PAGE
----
Election, cont.

The election is still running around in my head. The magic moment when CNN declared it over still makes my throat catch--even worse than it is due to this nagging, lingering cold.

Why? Well, watching the entire crowd of 100,000 plus in Grant Park jump up and down as if their team had won the World Series was quite something. Since when has a politician caused that much excitement?

I thought to myself: This is how we do revolutions in this country. Then I thought about how similar the scene in Grant Park was to the scenes in Eastern Europe in 1989. Complete, unbridled joy in the public square is a precious and rare thing.

But then the camera shot of Jesse Jackson standing solemnly with tears streaming down his face. Like him or hate him, that was special.

The moment highlighted something for me: For a long while, the prevailing attitude has seemed to be that you black people are equal, what more do you want? Quit your complaining and get to work! If you get to work, good things will happen. Don't you see that there are no barriers?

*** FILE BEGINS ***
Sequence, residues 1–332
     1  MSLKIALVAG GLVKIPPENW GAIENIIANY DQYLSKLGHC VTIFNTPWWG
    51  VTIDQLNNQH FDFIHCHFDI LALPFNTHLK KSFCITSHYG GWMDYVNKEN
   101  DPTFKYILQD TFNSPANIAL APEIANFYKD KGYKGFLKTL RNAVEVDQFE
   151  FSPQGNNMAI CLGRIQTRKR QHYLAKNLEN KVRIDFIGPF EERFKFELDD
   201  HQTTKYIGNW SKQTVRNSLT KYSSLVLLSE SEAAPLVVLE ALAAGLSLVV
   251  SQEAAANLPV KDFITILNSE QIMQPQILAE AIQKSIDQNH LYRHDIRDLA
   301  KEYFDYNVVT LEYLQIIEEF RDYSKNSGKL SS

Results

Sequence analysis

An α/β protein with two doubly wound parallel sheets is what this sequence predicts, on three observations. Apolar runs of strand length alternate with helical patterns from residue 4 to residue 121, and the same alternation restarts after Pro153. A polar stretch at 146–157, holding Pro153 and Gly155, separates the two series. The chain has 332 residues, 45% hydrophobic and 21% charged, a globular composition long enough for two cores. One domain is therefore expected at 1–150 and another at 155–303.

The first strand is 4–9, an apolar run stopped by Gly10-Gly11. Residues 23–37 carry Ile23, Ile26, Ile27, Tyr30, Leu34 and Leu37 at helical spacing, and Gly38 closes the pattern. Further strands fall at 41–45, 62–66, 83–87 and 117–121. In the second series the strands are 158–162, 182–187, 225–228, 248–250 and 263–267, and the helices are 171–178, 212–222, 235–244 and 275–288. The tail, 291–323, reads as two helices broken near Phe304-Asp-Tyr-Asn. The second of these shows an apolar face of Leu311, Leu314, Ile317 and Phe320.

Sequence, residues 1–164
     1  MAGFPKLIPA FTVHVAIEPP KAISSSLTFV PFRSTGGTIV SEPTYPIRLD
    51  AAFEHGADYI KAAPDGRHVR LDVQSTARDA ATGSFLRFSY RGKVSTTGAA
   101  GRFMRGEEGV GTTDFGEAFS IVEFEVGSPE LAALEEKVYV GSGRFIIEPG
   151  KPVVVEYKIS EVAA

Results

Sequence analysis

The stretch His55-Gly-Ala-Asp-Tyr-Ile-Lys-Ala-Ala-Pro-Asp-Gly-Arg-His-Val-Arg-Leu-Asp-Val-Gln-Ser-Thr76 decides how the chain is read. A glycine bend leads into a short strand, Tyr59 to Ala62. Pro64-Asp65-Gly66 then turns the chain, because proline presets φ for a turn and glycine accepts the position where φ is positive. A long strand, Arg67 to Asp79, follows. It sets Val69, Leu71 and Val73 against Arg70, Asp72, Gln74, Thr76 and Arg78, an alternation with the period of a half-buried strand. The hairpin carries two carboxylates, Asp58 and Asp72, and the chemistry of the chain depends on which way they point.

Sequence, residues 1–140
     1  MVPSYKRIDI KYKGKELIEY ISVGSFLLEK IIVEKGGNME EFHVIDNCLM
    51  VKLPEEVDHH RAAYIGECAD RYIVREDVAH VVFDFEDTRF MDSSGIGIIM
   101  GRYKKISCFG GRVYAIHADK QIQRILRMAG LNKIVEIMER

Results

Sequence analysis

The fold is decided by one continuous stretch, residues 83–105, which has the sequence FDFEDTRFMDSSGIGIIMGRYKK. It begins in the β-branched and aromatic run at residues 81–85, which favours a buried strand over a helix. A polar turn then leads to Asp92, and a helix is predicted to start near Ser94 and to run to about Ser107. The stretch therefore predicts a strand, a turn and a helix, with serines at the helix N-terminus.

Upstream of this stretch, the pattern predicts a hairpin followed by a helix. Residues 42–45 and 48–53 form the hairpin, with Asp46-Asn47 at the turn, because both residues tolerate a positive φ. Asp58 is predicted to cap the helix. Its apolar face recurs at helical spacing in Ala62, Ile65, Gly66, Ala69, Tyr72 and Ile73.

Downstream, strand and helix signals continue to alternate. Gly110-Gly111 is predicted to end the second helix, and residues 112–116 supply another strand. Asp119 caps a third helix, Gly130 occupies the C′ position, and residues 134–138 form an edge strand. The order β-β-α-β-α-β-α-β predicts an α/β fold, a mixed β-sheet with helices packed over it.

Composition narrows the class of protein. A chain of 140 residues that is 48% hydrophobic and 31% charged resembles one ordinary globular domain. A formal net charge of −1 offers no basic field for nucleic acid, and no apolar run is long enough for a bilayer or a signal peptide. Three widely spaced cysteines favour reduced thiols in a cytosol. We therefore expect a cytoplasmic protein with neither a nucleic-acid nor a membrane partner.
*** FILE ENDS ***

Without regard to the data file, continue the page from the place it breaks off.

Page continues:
Well, it became clear to me last night that there were still huge barriers. The fact that John Lewis, a congressman, said he never, ever thought in his lifetime he would see a black president; that Colin Powell said he never in his wildest dreams thought he would see a black president; that so many others, including all the 98-year old grandmas were so very, very happy and proud and in tears--that said that last night was something very special.

The nation can only benefit from having people who previously felt completely out of the loop feel included. It is merely a psychological difference, but it is huge. And it was necessary.

Those of us who are whiter than snow and have enjoyed the privileges of being in the majority can never know how it feels to not have hope that you, or somebody like you, could be president. Think about it. The lack of such a hope is something I have never endured. I have always believed that I could be president!